UPDATE: April 24, 2019: As part of a community Earth Day celebration on April 20, Albuquerque Mayor Tim Keller signed into law a recently-approved proposal to ban the distribution of non-recyclable or non-biodegradable single-use plastic bags at local grocery stores, retail establishments and other businesses.
The amended legislation, which removes language that would have implemented concurrent bans on polystyrene containers and plastics straws, exempts dry cleaners and restaurants from the new law. The ordinance goes into effect on January 1, 2020.
"Our commitment to sustainability isn’t just about what we do today, or even tomorrow. It’s about living up to our responsibility to future generations of Albuquerque residents — especially our kids," Keller said in a statement. "Together we can keep hundreds of millions of non-biodegradable plastic bags out of our landfills, out of our rivers, and out of our streets, parks, and open spaces."
- Albuquerque City Council members have proposed legislation to ban a number of single-use plastics at retail establishments by January 1, 2020. If passed, the "Albuquerque Clean & Green Retail Ordinance" would prohibit the distribution of non-recyclable plastic bags, polystyrene containers and straws.
- Plastic straws would only be available by request to accommodate customers with disabilities, and paper bags only provided at the point of sale if they are deemed recyclable by the city. Retailers also would be allowed to charge customers up to 10 cents for each bag or container.
- The legislation further mandates that a public education campaign be in place at least six months before a single-use plastic ban takes effect. Businesses that violate the law would be subject to yet-to-be-determined misdemeanor penalties, and a study on the policy's effectiveness would be required by June 2022.
Single-use plastic bans have been all the rage in recent years: Boston, Chicago and Washington, D.C. are among the most recent examples of cities that have passed plastic bag bans or instated a fee for customers who request a bag. Seattle became the first city to enact a straw ban last year, and California passed a law in the fall barring restaurants from providing plastic straws unless asked for by the customer. Numerous municipalities have moved to limit the use of plastic food containers; New York, for instance, recently enacted a ban on expanded polystyrene foam packaging.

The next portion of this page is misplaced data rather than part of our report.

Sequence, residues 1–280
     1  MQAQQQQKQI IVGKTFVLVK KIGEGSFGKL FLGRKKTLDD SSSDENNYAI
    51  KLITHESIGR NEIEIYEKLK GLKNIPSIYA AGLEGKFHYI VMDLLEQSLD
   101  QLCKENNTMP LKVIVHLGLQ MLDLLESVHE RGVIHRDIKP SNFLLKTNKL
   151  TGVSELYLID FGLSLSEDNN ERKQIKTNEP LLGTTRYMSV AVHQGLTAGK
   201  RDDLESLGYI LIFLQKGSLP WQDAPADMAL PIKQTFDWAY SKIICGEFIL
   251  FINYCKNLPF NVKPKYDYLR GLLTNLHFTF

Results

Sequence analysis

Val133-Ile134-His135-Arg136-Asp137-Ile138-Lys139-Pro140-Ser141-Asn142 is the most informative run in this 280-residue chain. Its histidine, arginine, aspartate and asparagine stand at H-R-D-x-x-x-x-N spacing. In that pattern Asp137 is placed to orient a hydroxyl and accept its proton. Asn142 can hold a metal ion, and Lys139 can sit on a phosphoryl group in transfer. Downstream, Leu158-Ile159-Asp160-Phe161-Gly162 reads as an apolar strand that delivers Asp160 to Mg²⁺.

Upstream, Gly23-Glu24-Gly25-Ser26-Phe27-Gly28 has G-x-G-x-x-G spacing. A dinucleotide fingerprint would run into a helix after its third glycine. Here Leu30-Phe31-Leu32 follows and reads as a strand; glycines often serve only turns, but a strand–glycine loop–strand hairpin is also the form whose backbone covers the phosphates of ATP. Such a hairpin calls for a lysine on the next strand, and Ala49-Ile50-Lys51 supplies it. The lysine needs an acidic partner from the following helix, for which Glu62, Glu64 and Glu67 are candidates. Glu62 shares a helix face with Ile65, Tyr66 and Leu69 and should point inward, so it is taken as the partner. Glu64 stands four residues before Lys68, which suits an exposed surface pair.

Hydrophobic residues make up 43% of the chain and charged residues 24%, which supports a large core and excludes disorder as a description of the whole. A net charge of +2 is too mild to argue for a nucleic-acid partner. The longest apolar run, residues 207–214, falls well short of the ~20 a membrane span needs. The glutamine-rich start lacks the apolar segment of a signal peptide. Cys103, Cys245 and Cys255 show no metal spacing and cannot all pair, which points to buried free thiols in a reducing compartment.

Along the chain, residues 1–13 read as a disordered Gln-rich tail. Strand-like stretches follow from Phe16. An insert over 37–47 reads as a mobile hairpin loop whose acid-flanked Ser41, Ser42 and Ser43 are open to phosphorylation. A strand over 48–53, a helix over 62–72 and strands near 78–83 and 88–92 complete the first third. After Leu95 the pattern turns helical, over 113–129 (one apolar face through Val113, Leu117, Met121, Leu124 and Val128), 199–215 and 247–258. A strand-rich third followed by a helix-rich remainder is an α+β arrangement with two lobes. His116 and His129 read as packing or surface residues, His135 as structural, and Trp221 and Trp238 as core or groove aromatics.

Albuquerque's proposed ordinance, however, is different in tackling so many forms of plastic in one fell swoop. Up until now, governments have generally regulated individual types of products and then passed addendums or completely new ordinances when they want to add other materials.
Some cities have faced criticism for advancing material bans or "zero waste" plans without seeking adequate input from or forging partnerships with industry. The Albuquerque ordinance proposal, on the other hand, specifically lists a number of well-known companies with locations in the city that stated their commitment to reducing single-use plastic waste, noting that this ordinance would be in line with those goals. Starbucks, Hyatt, Hilton, McDonald's and Dunkin are identified as planning to end the use of polystyrene cups and containers, and/or plastic straws; grocery company Kroger is also named for its intent to abandon single-use plastic bags.
Although Albuquerque names numerous companies' plastic waste reduction goals, it's unclear if the city has reached out to any of them throughout its legislative research process. The ordinance also includes plans to develop a "Clean & Green Business Program" that recognizes compliant retailers — a sign that collaboration with covered establishments would be a priority.
Based on experiences in other cities, further questions from retailers, trade associations, MRF operators and other recycling stakeholders regarding the specific types of products covered can be expected as the legislation progresses.